Kicking off intern year means BBQs, team dinners, and block parties. Every invitation encourages us to bring our significant others, those people who define our existence outside of the hospital. And yet, hot dog and cold drink in hand, it seems we can’t help but alienate our non-medical partners by talking exclusively about the minutiae of our medical lives: our interesting patients, our frustrations, and our philosophies of medicine. They stand there, nodding and looking into the distance, lip curling over as our incomprehensible exchange rambles on.
“It was a classic case of sick sinus syndrome …”
“So, I was doing my first para …”
“Did anyone else see the purpura?”
Social etiquette eventually obligates that the adrift spouse be brought back to the present with, “So, what exactly does an accountant do on a day-to-day basis?”
Last week I enjoyed a brunch that presented another perfect opportunity for anthropologic evaluation of the intern. An ortho resident was in attendance; a medical outsider, a new face at the watering hole. After countless hours in the OR and providing post-op care, she couldn’t possibly want to swap stories with medicine nerds. It was, shockingly, a new twist on the same routine. Our exclusive discourse given new life when told by someone who treats with the blade. The non-medicals, as always, feigned interest and daydreamed.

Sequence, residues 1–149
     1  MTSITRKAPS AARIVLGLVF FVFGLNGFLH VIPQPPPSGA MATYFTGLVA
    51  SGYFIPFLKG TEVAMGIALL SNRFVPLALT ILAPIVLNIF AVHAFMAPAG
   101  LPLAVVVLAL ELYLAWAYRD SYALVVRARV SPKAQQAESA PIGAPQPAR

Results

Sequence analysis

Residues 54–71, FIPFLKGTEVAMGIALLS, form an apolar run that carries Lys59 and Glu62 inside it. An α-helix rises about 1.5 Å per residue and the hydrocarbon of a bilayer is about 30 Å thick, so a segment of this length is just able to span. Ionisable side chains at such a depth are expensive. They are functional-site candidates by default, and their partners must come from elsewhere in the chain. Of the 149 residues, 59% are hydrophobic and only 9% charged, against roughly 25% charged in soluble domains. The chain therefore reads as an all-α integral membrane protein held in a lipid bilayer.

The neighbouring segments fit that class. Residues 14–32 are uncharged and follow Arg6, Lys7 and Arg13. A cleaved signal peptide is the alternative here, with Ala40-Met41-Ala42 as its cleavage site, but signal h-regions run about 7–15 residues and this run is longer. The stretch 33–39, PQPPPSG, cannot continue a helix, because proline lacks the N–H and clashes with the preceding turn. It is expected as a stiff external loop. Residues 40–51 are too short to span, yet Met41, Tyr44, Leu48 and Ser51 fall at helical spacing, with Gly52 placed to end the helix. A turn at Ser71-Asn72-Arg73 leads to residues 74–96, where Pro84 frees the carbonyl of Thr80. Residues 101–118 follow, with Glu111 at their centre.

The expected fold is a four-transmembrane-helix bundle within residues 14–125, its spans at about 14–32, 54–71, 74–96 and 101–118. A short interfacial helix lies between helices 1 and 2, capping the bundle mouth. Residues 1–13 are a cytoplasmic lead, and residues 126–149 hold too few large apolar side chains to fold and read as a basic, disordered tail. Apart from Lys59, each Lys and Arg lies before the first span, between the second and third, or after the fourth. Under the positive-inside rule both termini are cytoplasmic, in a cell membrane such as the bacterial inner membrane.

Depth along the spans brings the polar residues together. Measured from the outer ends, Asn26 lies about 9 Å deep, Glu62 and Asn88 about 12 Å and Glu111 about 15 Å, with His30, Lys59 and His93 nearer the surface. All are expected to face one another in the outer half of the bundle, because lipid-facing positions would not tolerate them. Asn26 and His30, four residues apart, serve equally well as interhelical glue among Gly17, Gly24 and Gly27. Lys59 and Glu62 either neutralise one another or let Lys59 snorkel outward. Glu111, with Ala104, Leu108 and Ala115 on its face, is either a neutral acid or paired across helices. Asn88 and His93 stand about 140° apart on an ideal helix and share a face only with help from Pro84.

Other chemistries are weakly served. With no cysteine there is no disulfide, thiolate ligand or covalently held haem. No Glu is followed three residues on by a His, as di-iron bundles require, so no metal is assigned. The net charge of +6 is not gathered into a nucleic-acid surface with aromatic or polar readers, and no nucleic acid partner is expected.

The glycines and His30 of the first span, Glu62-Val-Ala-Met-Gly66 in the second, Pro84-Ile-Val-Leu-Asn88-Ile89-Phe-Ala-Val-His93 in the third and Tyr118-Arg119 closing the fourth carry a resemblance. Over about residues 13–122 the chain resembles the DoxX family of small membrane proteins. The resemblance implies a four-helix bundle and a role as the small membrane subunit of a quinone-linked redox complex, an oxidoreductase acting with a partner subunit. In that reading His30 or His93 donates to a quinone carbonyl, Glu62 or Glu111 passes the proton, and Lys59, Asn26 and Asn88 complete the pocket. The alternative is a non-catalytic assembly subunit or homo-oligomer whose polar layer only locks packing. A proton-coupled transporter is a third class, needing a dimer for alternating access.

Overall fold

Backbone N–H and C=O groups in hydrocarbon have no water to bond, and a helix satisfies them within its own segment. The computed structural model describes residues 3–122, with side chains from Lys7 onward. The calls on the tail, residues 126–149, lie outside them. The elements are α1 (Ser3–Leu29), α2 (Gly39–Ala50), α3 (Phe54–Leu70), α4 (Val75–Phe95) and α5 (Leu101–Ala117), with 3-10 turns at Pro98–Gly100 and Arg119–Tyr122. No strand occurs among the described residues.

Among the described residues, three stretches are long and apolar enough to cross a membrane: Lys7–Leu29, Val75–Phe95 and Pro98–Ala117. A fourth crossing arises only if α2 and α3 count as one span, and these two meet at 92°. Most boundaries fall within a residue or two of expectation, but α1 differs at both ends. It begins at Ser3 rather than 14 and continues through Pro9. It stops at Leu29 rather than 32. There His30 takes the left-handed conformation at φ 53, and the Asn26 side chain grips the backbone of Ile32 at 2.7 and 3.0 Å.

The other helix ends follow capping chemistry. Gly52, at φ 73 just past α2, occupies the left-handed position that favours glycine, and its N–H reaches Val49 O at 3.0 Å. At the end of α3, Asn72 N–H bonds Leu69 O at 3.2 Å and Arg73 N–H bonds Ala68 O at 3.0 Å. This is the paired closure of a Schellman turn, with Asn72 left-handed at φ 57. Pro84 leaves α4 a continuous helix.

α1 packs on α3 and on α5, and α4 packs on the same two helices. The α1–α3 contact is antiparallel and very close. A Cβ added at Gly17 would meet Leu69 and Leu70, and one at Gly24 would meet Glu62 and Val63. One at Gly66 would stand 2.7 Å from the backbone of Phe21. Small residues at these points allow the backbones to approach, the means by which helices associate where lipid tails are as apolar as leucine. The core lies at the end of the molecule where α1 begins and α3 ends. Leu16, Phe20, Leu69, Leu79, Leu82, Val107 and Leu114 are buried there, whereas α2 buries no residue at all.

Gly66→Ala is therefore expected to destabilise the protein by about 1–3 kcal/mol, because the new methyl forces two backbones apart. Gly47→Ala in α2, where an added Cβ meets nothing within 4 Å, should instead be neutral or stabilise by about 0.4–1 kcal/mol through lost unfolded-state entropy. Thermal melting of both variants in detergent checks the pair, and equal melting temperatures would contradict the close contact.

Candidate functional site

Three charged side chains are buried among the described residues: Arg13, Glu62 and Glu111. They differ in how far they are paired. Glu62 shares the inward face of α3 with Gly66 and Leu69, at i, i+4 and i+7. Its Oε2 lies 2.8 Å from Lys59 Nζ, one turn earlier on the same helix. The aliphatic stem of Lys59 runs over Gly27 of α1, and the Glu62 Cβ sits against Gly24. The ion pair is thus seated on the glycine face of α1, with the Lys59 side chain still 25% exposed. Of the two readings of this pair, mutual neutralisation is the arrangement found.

We are a rare breed who choose to dedicate our 20s to the pursuit of clinical excellence. Perhaps it is our need to affirm that we have made the right decision that forces us to fill our precious free time with our patients. Or, as newly minted MDs, maybe we are all seeking recognition that we are successfully traversing the same rites of passage. The spouses of new insurance brokers may likewise feel isolated at work parties where approval is sought from colleagues: “This guy came in wanting just motorcycle insurance, left with an umbrella policy.” (High fives all around.)
The danger, of course, is losing that which makes us whole. Our identities narrowing to simply “physician” with each impromptu patient presentation that takes place over burgers and mac salad. I know from having read my colleagues’ profiles that there are among us food bloggers, martial artists, and photographers. The difficulty is convincing us to abandon our Hippocratic commonalities and embrace our individuality.
But, now that I’m done being introspective, I need to tell you about this guy I admitted last night …
Ethan L. Bernstein is an internal medicine resident.
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